The most important question though, as Mr. Changpeng Zhao pointed out, is to ask if it is even ethical to block an entire nation out of the crypto market for the actions of their leaders? However, that ethical standpoint should also apply to every normal sanction out there because though everyone knows such sanctions do not affect the leaders, the logic of imposing them seems to be brutally simple: ‘hurting citizenry will try to hurt the wayward leader’. 

On the other side of the war, Ukrainians are discovering some unintended benefits of cryptocurrencies. The Ukrainian government has asked the world for donations not just in cash, but also in crypto and millions of people have complied. 

Deputy Prime Minister Mykhailo Fedorov pointed out in a tweet on March 4, “The Crypto Fund of Ukraine $50M in crypto in a week to support #Ukraine. An incredible unity before Putin's encroachment on freedom and democracy. Aiming for $100M this week. We WILL win!”

Alex Bornyakov, deputy minister of Digital Transformation of Ukraine told Time magazine that “most of the donations have been in Bitcoin and Ether,” and that, “About 40% of the suppliers are willing to take crypto. The rest raised are typically paid with crypto converted into euros and dollars.” The minister also said that they received another blockchain product: NFTs, hundreds of them including a valuable CryptoPunk.  

Alex Bornyakov – who studied in New York and was part of several start-ups there, became part of the first Digital Transformation ministry set up in August 2019 to oversee the nation’s IT services industry, provide broadband across the nation and digitize government services. They have found a unique way to raise more money. They are working with two companies to design a military-themed NFT collection. It will take a couple of weeks to be ready as the team is still trying to figure out what to do and how. But if it comes out, this will be the first-ever military NFT to come out of an actual ground war and benefit a side while the war rages. Considering the global support for Ukraine, these are bound to be popular across the world.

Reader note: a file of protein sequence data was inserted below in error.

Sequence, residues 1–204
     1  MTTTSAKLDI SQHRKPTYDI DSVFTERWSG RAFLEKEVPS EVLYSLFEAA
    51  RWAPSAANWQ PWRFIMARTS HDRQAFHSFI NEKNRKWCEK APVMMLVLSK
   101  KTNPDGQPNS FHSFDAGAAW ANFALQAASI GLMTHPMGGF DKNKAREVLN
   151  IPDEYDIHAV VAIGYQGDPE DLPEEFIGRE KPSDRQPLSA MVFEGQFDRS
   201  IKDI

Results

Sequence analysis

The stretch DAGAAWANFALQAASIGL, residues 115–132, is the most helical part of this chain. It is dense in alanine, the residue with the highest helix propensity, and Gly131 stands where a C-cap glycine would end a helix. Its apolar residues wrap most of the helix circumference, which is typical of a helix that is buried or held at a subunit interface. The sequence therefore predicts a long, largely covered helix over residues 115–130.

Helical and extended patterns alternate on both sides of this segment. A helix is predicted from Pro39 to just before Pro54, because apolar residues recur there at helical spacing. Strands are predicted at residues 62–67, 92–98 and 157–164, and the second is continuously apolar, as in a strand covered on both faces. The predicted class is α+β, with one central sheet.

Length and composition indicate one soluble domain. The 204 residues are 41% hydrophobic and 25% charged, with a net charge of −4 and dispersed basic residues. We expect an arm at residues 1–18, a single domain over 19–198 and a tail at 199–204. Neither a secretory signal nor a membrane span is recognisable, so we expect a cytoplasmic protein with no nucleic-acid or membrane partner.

Even Ukrainian civilians are realising the benefits of this currency. Some whose physical possessions have been blown to smithereens and they find themselves refugees in another nation, have found comfort in their cryptocurrency investments. Some of them have said that thanks to their crypto wallets, they feel confident about setting up a new life in a new country. 

Blockchain – be it through the $2 trillion cryptocurrency market or NFTs - has come to play such a vital role in this war that many are calling it the world’s first ‘crypto-war’ or ‘crypto-conflict’. Yet, no matter what the fate of Ukraine, one thing is clear: blockchain - especially cryptocurrencies - is finally coming of age.   

About the author:
Satyen is an award-winning scriptwriter, journalist based in Mumbai. He loves to let his pen roam the intersection of artificial intelligence, consciousness, and quantum mechanics. His written words have appeared in many Indian and foreign publications.

More by Satyen K Bordoloi:

Artificial Intelligence: Friend or Foe?

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The biggest 'Money Heist' ever and no shots were fired

Digital Oracle: When AI predicts crime